Gluten Free Mac & Cheese

If you ask 10 people their favorite comfort food, and 9 of them will undoubtedly say “mac & cheese.” I’m not talking about that blue box with the neon-orange chemical pouch either (although even I will admit, that’s a comfort food in its own right.) But we all know that a casserole dish brimming with bubbling homemade cheese sauce over your favorite pasta is an entirely different animal, and nothing short of divine.

Macaroni and cheese is definitely a favorite in our house, and when I went gluten-free, it was one of the hardest things for me to watch my family eat without me. For the first few months, I simply abstained, and then I discovered Tinkyada Brown Rice Pasta.

Honestly, rice pasta is NOT the same as the pasta you’re used to, don’t let anyone tell you differently, but Tinkyada is as good as it gets. My kids actually like it, which is great. I find that I feel best when I’m off grains altogether so I try not to make this very often, but sometimes (like when I make ham or pork chops) nothing but mac & cheese will do.

Gluten Free Macaroni and Cheese

Like any mac & cheese, start with a roux. Melt your butter in a saucepan. To keep it G-free, I use brown rice flour or gluten-free All Purpose Flour.

I mix that into the melted butter. This recipe was for Easter so I doubled it, but normally I use 2 cups milk.

Whisk the flour/butter mixture and the milk together in a saucepan over medium heat and slowly heat to boiling.

Meanwhile, cook the pasta according to the package directions. I usually cook it a few minutes less than suggested because it will cook more in the oven and it already tends to be a bit mushy (despite the package claims to the contrary.)

After the roux is boiling for a minute or so, remove it from the heat and add more salt and pepper, some dry mustard, and your shredded cheese — about 2 cups. I usually just use cheddar, but if you have some fontina or gruyere, you can replace some of the cheddar with that for an extra punch of flavor. I also add more salt at this point.

Cover it to keep it warm, and when the pasta is done, drain it and add it to the cheese sauce. Pour the whole mess into a buttered casserole dish and pop it in the oven at 400. Bake it for 20 minutes or until it’s bubbling and just starting to brown on top. The tomatoes are entirely optional. I just like them for the color.

Try to save some for the rest of ‘em.

Gluten Free Mac & Cheese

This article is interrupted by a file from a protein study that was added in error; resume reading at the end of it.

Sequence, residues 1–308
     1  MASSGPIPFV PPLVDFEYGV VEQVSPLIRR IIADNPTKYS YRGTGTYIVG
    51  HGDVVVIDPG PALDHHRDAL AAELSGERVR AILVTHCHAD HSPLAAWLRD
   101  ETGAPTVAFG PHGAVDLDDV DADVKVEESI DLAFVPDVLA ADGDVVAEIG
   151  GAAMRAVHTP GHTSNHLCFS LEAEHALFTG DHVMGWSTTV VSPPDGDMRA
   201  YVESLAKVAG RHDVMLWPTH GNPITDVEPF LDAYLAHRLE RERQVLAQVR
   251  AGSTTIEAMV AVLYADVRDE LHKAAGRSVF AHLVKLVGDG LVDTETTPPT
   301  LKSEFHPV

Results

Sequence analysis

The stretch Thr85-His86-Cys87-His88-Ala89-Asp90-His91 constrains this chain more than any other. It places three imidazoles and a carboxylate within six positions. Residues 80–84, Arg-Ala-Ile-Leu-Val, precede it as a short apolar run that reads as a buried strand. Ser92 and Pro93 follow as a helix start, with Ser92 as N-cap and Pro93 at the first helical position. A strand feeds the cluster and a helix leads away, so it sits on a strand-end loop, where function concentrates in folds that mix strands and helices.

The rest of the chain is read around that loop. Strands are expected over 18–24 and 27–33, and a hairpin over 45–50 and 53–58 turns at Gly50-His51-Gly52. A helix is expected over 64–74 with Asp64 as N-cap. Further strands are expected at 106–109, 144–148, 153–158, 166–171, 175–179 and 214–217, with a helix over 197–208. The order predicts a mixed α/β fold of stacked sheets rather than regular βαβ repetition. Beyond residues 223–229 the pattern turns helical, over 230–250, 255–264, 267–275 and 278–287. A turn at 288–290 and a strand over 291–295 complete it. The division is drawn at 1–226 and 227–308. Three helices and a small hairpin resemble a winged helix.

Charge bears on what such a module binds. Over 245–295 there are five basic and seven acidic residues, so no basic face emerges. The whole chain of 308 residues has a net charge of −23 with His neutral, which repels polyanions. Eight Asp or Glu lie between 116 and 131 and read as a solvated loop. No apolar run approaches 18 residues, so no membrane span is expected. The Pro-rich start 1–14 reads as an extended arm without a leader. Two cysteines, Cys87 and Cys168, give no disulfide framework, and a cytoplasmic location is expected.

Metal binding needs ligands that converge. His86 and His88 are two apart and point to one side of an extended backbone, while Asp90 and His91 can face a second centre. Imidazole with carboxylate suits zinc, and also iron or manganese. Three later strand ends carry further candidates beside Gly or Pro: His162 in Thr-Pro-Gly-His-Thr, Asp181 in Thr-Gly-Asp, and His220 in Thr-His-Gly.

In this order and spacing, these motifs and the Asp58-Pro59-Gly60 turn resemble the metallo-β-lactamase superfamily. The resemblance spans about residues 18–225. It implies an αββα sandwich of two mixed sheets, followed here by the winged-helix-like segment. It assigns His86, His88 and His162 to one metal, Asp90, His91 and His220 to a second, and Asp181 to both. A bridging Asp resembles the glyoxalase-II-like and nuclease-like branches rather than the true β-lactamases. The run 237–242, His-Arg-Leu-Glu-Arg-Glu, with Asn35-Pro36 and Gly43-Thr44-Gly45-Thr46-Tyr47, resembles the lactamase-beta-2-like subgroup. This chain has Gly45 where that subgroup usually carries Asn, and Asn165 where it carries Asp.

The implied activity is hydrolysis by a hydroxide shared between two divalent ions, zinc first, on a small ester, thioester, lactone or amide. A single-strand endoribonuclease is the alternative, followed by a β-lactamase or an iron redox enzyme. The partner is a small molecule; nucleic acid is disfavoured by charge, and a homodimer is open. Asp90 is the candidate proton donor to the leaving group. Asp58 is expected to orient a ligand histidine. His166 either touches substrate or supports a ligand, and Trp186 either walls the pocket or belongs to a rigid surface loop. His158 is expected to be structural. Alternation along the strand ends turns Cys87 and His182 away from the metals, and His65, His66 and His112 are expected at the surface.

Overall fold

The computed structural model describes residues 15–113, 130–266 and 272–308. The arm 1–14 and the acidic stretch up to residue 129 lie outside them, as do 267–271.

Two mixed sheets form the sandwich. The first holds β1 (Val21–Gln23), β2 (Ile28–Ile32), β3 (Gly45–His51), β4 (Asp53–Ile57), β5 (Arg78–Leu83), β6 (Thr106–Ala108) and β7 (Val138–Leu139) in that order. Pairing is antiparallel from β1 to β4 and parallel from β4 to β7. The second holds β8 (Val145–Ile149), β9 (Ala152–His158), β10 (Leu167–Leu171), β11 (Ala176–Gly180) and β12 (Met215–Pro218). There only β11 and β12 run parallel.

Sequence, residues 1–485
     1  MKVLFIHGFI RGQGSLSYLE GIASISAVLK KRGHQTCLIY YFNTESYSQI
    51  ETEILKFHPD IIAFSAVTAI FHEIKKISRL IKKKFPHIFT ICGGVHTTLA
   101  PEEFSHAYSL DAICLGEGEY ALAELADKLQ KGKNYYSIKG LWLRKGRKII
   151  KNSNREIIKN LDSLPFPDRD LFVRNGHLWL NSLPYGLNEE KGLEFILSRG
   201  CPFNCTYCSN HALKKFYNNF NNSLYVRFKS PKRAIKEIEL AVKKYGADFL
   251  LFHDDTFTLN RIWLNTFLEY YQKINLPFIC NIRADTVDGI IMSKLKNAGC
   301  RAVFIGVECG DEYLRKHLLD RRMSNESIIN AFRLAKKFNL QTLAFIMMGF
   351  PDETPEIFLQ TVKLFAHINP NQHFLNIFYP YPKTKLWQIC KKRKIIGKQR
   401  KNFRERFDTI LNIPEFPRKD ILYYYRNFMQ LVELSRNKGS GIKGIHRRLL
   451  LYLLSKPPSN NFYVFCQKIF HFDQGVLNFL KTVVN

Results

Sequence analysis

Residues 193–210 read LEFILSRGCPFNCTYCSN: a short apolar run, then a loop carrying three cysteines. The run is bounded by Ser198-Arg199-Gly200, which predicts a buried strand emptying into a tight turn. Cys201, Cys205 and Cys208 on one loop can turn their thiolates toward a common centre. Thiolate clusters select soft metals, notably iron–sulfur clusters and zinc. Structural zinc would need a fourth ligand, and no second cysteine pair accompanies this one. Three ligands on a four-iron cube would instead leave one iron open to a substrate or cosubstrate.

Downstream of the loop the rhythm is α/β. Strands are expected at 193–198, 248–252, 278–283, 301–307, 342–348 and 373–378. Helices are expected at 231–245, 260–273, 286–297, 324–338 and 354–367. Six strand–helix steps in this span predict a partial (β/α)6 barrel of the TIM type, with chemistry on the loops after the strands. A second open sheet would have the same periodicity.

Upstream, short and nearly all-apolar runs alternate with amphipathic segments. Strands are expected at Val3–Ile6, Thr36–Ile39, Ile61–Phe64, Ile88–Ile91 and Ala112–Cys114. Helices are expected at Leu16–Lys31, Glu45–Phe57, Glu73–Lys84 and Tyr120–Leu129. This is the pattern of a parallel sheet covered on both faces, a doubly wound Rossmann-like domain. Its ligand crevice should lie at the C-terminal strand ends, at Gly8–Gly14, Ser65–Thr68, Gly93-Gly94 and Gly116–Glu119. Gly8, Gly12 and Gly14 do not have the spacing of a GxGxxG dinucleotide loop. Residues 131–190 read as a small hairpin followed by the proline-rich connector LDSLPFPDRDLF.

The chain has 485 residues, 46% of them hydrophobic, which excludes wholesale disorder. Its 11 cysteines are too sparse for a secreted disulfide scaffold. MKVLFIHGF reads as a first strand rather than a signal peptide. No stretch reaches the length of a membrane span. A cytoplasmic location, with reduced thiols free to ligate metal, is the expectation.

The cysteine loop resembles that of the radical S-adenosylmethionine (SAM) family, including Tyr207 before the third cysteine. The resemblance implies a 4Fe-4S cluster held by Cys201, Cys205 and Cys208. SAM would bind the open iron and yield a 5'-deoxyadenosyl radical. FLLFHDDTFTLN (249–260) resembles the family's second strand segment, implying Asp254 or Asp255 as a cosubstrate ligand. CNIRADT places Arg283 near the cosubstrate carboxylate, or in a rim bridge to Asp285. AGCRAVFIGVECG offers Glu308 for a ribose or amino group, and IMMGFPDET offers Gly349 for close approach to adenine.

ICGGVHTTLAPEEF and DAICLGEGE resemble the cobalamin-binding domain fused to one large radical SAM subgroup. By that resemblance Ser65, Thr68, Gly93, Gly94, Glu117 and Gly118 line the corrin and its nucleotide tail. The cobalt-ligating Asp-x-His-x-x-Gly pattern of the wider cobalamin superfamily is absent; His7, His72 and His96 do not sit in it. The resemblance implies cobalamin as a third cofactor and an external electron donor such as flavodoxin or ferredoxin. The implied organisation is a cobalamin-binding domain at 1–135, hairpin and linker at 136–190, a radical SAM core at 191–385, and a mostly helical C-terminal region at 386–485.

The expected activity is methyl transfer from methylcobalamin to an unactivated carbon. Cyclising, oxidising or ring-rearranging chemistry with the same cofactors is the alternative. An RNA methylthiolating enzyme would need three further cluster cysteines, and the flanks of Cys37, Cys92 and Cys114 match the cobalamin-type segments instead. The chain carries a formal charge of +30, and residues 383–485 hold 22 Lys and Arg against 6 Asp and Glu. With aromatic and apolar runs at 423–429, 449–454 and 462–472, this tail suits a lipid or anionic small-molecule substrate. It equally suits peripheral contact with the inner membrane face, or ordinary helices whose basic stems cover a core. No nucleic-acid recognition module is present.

Prep time
Cook time
Total time
 
Homemade mac & cheese is the best comfort food, and you won't even miss the gluten.
Author:
Recipe type: Side Dish, Pasta
Serves: 8
Ingredients
  • ½ stick (4 TBSP) butter
  • ¼ cup gluten-free all-purpose flour
  • 2 cups whole milk
  • 8 oz gluten-free elbow pasta, such as Tinkyada
  • 1 tsp salt
  • ½ tsp pepper
  • 1 tsp dry mustard
  • 2 cups (8 oz) grated cheddar cheese
Instructions
  1. Preheat oven to 400 degrees.
  2. Melt butter in medium saucepan over low medium-low heat. Add the flour, whisk to combine, then add the cold milk all at once. Cook until thick, stirring frequently.
  3. Meanwhile, cook the pasta according to package directions, but take it off the heat just shy of al dente.
  4. When milk and flour mixture is thick and bubbly, remove from heat and add remaining salt, pepper, dry mustard and grated cheese.Keep warm while pasta finishes cooking.
  5. Drain pasta and add it to cheese sauce.Mix well and pour into greased casserole.
  6. Bake at 400 for 20-25 minutes or until starting to brown on top.

 

Comments

  1. says

    Yum, yum, yum!

    We’re going to try gluten free for a few weeks to see if it helps any with my daughter’s, um, elimination issues. Today we went to Trader Joe’s and I felt so bad having to say no to so many different things b/c of the gluten. Hum, I just realized that I don’t know how long it might take to notice a difference, I’ll have to look into that.

    Oh, and I LOVE the print plug in!

    • CarolDe says

      I have been gluten free for about 8 months now. I am not a celiac, but I too have GI problems.